Boeing released more than 100 pages of documents to Congress on Thursday detailing internal messages that reveal how, during certification of the 737 MAX, company employees spoke of deceiving international air safety regulators and Boeing’s airline customers, and successfully fought off moves over several years to require anything but minimal pilot training for the new airplane.

    Boeing apologizes as internal memos reveal how workers spoke of deceiving regulators, airlines | The Seattle Times

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    Looks like the ripple effect has already begun...

    Boeing 737 Max supplier Spirit Aerosystems to cut 2,800 jobs

    Hope those that are affected get thru this okay.

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    Quote Originally Posted by barbter View Post
    DOH!

    Boeing released more than 100 pages of documents to Congress on Thursday detailing internal messages that reveal how, during certification of the 737 MAX, company employees spoke of deceiving international air safety regulators and Boeing’s airline customers, and successfully fought off moves over several years to require anything but minimal pilot training for the new airplane.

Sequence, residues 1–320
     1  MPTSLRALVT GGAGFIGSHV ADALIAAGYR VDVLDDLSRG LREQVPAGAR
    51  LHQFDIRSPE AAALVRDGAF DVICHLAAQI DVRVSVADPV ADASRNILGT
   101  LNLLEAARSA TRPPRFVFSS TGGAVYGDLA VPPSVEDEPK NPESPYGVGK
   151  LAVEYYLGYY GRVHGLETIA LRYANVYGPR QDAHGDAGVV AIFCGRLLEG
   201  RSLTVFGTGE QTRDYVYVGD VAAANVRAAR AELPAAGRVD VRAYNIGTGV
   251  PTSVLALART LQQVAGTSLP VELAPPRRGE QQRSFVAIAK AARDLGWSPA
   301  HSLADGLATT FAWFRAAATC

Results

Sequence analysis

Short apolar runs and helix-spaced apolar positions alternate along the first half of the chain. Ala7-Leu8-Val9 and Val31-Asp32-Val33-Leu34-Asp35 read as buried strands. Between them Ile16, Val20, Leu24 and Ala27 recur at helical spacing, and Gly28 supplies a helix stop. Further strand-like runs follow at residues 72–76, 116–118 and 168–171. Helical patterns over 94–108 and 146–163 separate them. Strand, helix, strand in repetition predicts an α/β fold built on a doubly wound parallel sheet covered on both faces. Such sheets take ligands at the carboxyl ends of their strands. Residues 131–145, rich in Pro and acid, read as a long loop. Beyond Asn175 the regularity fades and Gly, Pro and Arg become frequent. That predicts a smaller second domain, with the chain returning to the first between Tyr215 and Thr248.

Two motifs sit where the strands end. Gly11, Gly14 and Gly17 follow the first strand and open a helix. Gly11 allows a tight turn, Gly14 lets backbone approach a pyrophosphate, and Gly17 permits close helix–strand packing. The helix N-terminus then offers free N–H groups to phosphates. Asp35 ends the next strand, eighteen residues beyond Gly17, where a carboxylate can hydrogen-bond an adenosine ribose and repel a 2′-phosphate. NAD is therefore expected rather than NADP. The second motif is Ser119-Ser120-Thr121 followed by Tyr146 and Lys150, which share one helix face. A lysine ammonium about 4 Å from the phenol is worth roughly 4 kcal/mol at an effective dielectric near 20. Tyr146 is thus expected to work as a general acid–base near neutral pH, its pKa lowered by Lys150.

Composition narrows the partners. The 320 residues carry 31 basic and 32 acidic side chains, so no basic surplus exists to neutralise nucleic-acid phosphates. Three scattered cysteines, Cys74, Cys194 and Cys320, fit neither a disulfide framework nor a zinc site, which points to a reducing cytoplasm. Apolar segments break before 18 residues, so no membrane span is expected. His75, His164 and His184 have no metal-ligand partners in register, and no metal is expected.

Boeing apologizes as internal memos reveal how workers spoke of deceiving regulators, airlines | The Seattle Times
    Oopsie…..The NPR news report also quoted Boing stating that they will
    be disciplining the e-mail authors....

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  8. #1247
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    Quote Originally Posted by digger doug View Post
    Oopsie…..The NPR news report also quoted Boing stating that they will
    be disciplining the e-mail authors....
    Some of the emails are quoted in my newspaper today. They make a really disturbing read. We're all engineers of one type or other on this site. I suspect none of us would be able to remain silent if we knew a product we'd worked on could be life threatening in certain circumstances. I'm pretty sure I couldn't.